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Three Practical Phases to Digital Finance Transformation: Standardizing Processes

Three Practical Phases to Digital Finance Transformation Part 1 of 3

The reconciliation process is a critical first step in the financial close and sets the foundation for period end success. However, due to its impact on all subsequent close activities, many find reconciliations to be an extremely stressful process that results in using more resources than ‘planned’ for completion. In some organizations, nearly the entire F&A team must drop everything and reconcile. But it doesn’t have to be this way.

In this three-part blog series, we will explore real-life examples of how organizations are achieving more robust financial reporting by transforming their reconciliation process with technology.

For most organizations taking a phased approach to change is ideal and achieving an overall transformation of your financial processes is most commonly a multi-year journey. However, starting with reconciliations sets a foundation that you can build upon to continually improve other processes and increase the benefits of your technology investment.

Phase 1: Standardizing Processes

Doing things because ‘that’s how they have always been done’ is often the biggest downfall for the office of finance. To explore our first phase of transformation, we’ll look at the journey of a leading multinational clothing retailer. They originally began their finance transformation journey in order to enable more robust financial reporting with an initial goal of simply digitalizing their current manual, paper-based processes.

Their long-established reconciliation process called for reconcilers to complete Excel templates. However, there was a lack of standardization as different teams were using different templates and to further complicate the process, completed templates were printed out so supporting documentation could be attached by a staple.

Finally, once the printed reconciliation was signed and dated by the reconciler, it was ready to be approved. Although this may already seem an archaic approach, this organization’s difficulty was exacerbated by the fact that reconciliations were reconciled in a shared service center but approved at a separate office 150 miles away. The printed reconciliations wouldn’t get to the approvers until the next person happened to be driving to the other location; perhaps two or three weeks after the effective date of the reconciliation.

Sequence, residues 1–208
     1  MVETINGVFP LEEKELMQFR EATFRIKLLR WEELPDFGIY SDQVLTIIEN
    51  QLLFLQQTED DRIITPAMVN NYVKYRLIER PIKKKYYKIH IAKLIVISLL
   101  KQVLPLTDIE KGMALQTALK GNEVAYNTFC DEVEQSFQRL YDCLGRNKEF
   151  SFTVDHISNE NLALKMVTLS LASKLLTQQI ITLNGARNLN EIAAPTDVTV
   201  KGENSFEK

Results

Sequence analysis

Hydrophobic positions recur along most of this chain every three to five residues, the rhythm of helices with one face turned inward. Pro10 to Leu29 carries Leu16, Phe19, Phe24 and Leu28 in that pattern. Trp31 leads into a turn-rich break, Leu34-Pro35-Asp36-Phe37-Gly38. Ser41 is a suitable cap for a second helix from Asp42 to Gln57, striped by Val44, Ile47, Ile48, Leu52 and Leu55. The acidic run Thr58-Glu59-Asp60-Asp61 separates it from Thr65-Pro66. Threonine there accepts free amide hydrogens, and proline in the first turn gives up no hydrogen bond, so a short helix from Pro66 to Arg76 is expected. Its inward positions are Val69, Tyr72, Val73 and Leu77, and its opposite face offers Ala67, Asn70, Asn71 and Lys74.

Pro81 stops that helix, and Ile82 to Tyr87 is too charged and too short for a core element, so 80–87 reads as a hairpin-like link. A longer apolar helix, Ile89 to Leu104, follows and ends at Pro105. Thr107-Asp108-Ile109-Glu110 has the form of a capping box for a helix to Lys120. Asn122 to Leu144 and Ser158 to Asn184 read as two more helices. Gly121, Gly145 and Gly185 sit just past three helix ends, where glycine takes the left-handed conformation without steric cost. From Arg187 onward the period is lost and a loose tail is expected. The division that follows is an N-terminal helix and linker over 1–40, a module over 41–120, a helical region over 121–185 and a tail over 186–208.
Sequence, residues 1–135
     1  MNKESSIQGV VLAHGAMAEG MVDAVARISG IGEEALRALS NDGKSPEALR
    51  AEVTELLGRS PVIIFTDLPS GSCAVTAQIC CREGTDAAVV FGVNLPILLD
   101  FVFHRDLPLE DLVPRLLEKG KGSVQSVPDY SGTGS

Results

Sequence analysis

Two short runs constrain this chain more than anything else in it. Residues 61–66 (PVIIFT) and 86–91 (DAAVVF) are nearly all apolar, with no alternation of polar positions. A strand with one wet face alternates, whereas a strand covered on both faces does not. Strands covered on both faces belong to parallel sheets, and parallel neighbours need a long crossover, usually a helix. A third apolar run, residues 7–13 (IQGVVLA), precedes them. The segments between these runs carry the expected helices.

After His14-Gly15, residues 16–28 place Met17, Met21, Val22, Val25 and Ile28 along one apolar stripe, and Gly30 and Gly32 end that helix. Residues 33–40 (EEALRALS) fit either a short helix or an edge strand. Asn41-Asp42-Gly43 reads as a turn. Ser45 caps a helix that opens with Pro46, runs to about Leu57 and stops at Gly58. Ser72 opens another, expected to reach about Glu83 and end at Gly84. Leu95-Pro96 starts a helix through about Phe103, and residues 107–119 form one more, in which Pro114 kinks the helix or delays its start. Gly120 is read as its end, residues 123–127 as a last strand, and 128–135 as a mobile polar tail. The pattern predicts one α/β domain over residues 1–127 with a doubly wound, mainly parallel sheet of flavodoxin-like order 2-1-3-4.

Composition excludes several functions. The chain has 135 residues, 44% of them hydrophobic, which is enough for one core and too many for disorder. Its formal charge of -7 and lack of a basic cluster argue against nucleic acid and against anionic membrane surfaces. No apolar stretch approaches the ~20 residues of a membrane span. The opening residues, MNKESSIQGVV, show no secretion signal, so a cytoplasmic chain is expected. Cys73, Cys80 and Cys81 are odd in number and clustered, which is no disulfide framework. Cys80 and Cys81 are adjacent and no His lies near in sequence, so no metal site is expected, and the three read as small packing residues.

Challenges

The challenges with this approach to the process were numerous. First, it wasn’t always clear to management whether all accounts had been reconciled. Additionally, there was a lack of visibility into the completeness, status and level of rejections in the balance sheet. There were also significant challenges when rejecting a reconciliation, as it would have to be hand-delivered back to the original preparer 150 miles away. Because this was so arduous, rejected accounts would often not get their required follow up, ultimately creating significant risk for the business as mistakes were not getting caught, let alone corrected.

Driving Change

Clearly, this is an extreme example. Most organizations will at least utilize Excel in conjunction with emails. However, this still doesn’t provide assurance that everything has been completed and followed up no accurately. And since this approach lacks an audit trail, it is difficult to see when an account has been looked at, how open items are being tracked and matched and the status of rejections.

For most organizations beginning their financial transformation journey, they are at least using a rudimentary workflow tool to enable sign-off. Once this leading retailer began driving change, the journey became more typical.

The first stage begins with the implementation of a balance sheet reconciliation tool that is connected to an ERP or source system where GL balances are automatically uploaded, ensuring that every GL account is looked at as required. With this kind of workflow in place, template standardization is enforced through the system. Furthermore, this gives an organization a head-start in preparing information and documentation when up against an external audit. The ability to instantly download a digital audit binder is essential for saving time.

Finally, the visibility that comes with an automated reconciliation solution can be immense. Being able to answer questions that were previously almost impossible such as:

    • Which reconciliations are taking the most time?
    • Where are there bottlenecks in the process?
    • Which open items do we have on accounts?

All of this enables a stepping stone onto the next phase of an organization’s finance transformation journey. By utilizing this new-found visibility, an organization is able to generate long-term continuous improvement.

To learn more about standardizing your processes, download our eBook: How to Standardize & Automate Reconciliations.

Read the complete series – Three Practical Phases to Digital Transformation
Part 1: Standardizing Processes
Part 2: Visibility and Trusting Your Numbers
Part 3: Taking a Risk-Based Approach to Reconciliations